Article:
I am an avid collector of antique and vintage clocks which means I cruise the online auction sites regularly, about once or twice a week. This spring I checked out offerings from a local online auction site that deals with estate items, placed bids on 4 clocks (actually 5 since one lot had two clocks). The one I did not win was a 6 column Sessions mantel clock but no real loss there.
I won the bids on four clocks. CDN110 was the total though with buyers’ premium and taxes the price jumped to CDN147, still not bad for a small collection of antique clocks.
I do not have these clocks as of this writing since they are sitting at the auction house but I think can make a preliminary judgment based on what I see in the auction photos.
Although I am normally not in the business of selling clocks I will sell the odd one to keep my collection manageable. The plan is to fix these clocks and sell them to offset clock equipment purchases most notably an Adams Brown Timetrax 185, an electric clock timer, an amplifier that measures the rate of mechanical clocks by sensing escapement action and mechanical sounds of the escapement which I recently purchased. Here they are.
Unknown cottage clock
In no particular order of importance let’s start with an octagon cottage clock from the 1870s or 80s. It is a 30-hour clock judging from the placement of the winding points.
From the style of the pendulum bob and the case itself, I would say an E. Ingraham & Co. time and strike cottage clock. Some would have come with an alarm. This one does not.
It is in fair shape. The dial appears to have serious losses and there are nicks and scratches over a good portion of the case from what I see in the photos. I wonder if the tablet is a replacement and the original reverse painted?
It is difficult to tell with the harsh auction light but the case might be made of rosewood.
It will be a good candidate for a mild refresh and should look very nice when completed.
Sessions Grand Assortment #3
Next is a Sessions Grand Assortment #3. I have worked on one in the past. There are three models in the Grand Assortment series and despite the fact that it is a lowly gingerbread clock and thousands of similarly styled clocks were sold by every major American clock manufacturer, this model is surprisingly collectible.
It is an 8-day clock with a steam-pressed oak case. The case looks very “aligorated” a term applied to a shellac finish that has coagulated as a result of being stored in a hot, humid environment such as an attic or a garage.
The tablet looks good but the dial is very degraded. This is a paper-on-metal dial and when the metal below the paper rusts the stain bleeds through to the front. This is called “foxing”. These stains are very difficult to remove and cost-prohibitive for most clocks. This is a cheap clock and a dial replacement is the only option and as such, I am not sure what to do about it.
A note is attached to the key and it says 1903. It is doubtful it was actually made in that year and I am sure the previous owner went by the year Sessions Clock Co. acquired clock-maker E.N. Welch Co. though the clock is certainly from around that period.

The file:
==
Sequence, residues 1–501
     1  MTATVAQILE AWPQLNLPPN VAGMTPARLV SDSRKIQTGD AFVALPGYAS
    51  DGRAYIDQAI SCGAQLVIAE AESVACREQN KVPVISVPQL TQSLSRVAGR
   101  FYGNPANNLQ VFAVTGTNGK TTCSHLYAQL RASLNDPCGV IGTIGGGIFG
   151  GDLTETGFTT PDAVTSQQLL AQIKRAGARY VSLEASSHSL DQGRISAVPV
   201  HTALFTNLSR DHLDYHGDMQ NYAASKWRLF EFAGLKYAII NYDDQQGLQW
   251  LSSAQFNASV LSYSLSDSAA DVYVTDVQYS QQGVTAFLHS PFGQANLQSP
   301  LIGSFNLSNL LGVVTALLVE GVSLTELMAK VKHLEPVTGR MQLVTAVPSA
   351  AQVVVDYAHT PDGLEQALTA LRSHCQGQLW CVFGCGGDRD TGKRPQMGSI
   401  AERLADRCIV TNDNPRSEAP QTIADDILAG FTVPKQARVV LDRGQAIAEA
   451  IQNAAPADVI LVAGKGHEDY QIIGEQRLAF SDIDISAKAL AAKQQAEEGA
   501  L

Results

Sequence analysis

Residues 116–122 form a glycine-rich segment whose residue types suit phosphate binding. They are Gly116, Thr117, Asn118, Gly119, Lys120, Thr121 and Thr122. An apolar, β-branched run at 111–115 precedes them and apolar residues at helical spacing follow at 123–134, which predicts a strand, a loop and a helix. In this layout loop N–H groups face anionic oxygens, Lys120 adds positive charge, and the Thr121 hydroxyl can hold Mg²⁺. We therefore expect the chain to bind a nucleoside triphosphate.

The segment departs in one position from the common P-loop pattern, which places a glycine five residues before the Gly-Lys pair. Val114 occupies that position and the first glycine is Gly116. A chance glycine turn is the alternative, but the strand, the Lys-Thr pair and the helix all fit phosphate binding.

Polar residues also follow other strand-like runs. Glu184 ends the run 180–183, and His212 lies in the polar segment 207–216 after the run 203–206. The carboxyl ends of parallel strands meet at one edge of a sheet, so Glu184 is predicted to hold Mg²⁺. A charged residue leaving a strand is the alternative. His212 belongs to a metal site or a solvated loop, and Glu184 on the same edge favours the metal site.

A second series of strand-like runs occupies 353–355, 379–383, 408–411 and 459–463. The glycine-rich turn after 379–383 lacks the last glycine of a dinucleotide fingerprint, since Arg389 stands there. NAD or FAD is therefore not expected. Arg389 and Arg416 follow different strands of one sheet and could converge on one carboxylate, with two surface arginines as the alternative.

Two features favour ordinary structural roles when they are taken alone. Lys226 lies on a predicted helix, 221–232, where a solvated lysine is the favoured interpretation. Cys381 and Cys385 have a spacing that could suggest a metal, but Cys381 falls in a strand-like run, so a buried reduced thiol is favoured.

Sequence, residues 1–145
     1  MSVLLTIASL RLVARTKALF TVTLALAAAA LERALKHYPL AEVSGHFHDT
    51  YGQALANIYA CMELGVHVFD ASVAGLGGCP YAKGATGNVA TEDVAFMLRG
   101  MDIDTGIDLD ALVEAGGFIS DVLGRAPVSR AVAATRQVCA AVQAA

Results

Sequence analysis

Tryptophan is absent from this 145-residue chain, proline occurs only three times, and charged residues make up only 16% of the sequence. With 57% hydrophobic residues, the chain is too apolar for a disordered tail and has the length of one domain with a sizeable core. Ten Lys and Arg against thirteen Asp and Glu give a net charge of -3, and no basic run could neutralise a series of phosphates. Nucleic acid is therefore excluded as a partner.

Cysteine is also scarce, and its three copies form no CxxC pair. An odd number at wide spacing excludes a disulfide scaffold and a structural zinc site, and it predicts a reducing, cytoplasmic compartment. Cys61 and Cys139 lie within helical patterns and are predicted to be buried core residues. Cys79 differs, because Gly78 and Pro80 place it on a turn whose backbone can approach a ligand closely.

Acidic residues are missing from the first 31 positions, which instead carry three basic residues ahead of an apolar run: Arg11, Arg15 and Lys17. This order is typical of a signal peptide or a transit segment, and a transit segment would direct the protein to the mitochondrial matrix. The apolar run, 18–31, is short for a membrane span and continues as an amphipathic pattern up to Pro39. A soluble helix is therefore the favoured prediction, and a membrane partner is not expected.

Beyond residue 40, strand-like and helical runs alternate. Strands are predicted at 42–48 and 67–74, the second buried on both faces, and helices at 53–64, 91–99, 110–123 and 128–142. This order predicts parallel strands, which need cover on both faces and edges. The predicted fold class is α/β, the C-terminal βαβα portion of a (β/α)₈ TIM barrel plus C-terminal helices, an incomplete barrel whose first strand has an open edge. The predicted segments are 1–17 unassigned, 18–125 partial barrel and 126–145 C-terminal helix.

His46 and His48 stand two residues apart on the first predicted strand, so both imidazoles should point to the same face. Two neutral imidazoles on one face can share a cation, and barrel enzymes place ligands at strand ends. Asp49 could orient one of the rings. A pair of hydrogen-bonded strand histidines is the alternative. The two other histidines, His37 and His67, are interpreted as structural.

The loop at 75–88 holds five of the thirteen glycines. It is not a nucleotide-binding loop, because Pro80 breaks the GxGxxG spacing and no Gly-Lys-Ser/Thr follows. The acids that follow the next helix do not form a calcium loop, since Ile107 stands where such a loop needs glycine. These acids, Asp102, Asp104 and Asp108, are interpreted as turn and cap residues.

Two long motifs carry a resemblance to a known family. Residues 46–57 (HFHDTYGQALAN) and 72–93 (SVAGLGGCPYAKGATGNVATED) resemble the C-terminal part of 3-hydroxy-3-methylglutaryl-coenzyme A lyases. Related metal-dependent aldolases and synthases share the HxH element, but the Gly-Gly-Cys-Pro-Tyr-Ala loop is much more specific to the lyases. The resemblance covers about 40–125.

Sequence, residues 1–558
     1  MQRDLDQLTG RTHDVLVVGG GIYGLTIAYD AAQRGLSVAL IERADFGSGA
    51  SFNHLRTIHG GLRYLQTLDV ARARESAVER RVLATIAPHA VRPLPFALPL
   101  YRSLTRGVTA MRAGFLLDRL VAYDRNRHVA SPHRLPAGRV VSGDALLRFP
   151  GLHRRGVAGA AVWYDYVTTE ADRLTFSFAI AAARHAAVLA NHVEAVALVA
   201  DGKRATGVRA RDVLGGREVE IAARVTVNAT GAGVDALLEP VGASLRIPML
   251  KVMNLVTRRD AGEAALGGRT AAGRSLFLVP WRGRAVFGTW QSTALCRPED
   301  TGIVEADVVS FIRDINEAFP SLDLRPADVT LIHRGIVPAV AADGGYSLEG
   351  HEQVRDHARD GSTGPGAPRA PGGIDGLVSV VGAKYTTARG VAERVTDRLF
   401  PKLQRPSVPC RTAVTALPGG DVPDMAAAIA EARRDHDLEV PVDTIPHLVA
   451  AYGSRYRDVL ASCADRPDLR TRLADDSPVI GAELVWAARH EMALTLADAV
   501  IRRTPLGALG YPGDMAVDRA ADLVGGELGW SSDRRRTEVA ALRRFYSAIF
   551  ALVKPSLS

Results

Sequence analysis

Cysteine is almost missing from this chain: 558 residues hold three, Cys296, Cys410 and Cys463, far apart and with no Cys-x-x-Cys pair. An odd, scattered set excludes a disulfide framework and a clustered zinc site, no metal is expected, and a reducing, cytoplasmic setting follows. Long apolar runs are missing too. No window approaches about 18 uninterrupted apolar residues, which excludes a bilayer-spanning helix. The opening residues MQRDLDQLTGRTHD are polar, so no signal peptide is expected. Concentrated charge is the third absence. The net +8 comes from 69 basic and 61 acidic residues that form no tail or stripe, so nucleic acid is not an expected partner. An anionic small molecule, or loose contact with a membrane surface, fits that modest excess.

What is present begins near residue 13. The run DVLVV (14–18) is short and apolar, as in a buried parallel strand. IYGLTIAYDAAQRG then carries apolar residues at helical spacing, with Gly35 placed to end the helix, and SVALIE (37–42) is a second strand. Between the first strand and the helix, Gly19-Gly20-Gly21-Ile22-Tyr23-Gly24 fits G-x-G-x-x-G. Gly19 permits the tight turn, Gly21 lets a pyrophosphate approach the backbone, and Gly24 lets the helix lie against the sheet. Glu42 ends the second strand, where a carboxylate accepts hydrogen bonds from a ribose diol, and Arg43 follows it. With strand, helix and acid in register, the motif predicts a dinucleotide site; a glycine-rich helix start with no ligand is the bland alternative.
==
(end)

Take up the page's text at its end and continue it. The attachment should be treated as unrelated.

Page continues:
Reconditioning the case might be a challenge. Is it a candidate for stripping down to the bare wood? I suspect it is but we’ll see. I also see a small crack just above the top of the dial, so it might have been broken off at one point and re-glued.
I am not sure about the pendulum bob which does not look quite right for this clock. More research should provide me with the answer.
E Ingraham Ocean and Ansonia kitchen/parlour clock
Next is a two-for-one deal.
The one on the left is an E. Ingraham steam-pressed 8-day gingerbread possibly from the Ocean series. Unfortunately, it is missing its decorative tablet and that will certainly affect its resale value.
The pendulum looks right for the clock and the case itself looks to be in decent shape but as I said, it is very unfortunate that the tablet is missing.
The pieces at the foot of the gingerbread clock belong to the clock on the right. Usually, when I see pieces like this it tells me that it was handled roughly by the auction house.
What I like about this clock is its timeless design, almost Art Deco but made long before the Art Deco period.
So who is the maker of the clock on the right?
The auction description simply says, “unknown clock”. I believe it is an Ansonia 30-hour (position of the winding arbours) kitchen clock in Walnut from about the early 1880s. The tablet is bright and vivid, not a design I have seen before but likely original. Attaching the top pieces should be a fairly simple process and thorough cleaning of the clock case clock and movement should make it an ideal candidate for resale.
Of the four, two are 30-hour clocks. I have found that 30-hour clocks are a tough sell. Most casual collectors are looking for an 8-day clock since 1-day clocks are a hassle to wind but I think I can make both presentable enough to attract some buyers.
The auction notes do not say whether any of these are in working order. They are all “untested” which is typical auction-speak for “they may or may not work – the risk is yours!”.
American clocks are very tough and often work well despite being very worn. I suspect with a little encouragement I can get all of these clocks working again.
Now, to pick them up from the auction house.
Check for upcoming articles on each of these clocks.